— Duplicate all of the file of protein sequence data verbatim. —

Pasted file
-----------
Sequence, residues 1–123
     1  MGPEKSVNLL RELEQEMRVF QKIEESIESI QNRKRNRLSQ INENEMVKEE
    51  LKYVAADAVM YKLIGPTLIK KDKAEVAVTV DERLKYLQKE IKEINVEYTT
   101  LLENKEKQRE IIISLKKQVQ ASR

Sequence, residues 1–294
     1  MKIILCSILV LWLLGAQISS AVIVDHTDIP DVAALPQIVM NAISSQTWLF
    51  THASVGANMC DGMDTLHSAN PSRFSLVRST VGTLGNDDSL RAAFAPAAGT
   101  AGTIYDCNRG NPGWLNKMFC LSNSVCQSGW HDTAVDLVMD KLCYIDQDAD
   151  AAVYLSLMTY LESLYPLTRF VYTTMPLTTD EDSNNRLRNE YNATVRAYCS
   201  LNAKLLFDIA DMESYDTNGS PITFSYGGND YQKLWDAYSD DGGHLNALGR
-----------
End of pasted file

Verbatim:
Sequence, residues 1–123
     1  MGPEKSVNLL RELEQEMRVF QKIEESIESI QNRKRNRLSQ INENEMVKEE
    51  LKYVAADAVM YKLIGPTLIK KDKAEVAVTV DERLKYLQKE IKEINVEYTT
   101  LLENKEKQRE IIISLKKQVQ ASR

Sequence, residues 1–294
     1  MKIILCSILV LWLLGAQISS AVIVDHTDIP DVAALPQIVM NAISSQTWLF
    51  THASVGANMC DGMDTLHSAN PSRFSLVRST VGTLGNDDSL RAAFAPAAGT
   101  AGTIYDCNRG NPGWLNKMFC LSNSVCQSGW HDTAVDLVMD KLCYIDQDAD
   151  AAVYLSLMTY LESLYPLTRF VYTTMPLTTD EDSNNRLRNE YNATVRAYCS
   201  LNAKLLFDIA DMESYDTNGS PITFSYGGND YQKLWDAYSD DGGHLNALGR